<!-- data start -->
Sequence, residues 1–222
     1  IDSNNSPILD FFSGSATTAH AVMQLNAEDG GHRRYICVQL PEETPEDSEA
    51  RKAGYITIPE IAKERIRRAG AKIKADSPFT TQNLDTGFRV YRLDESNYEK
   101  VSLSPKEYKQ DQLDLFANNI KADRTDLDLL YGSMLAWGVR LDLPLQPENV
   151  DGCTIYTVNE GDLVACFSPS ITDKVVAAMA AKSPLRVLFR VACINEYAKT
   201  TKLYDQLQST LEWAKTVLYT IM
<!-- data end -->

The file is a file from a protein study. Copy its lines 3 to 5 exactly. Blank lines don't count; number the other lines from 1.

    51  RKAGYITIPE IAKERIRRAG AKIKADSPFT TQNLDTGFRV YRLDESNYEK
   101  VSLSPKEYKQ DQLDLFANNI KADRTDLDLL YGSMLAWGVR LDLPLQPENV
   151  DGCTIYTVNE GDLVACFSPS ITDKVVAAMA AKSPLRVLFR VACINEYAKT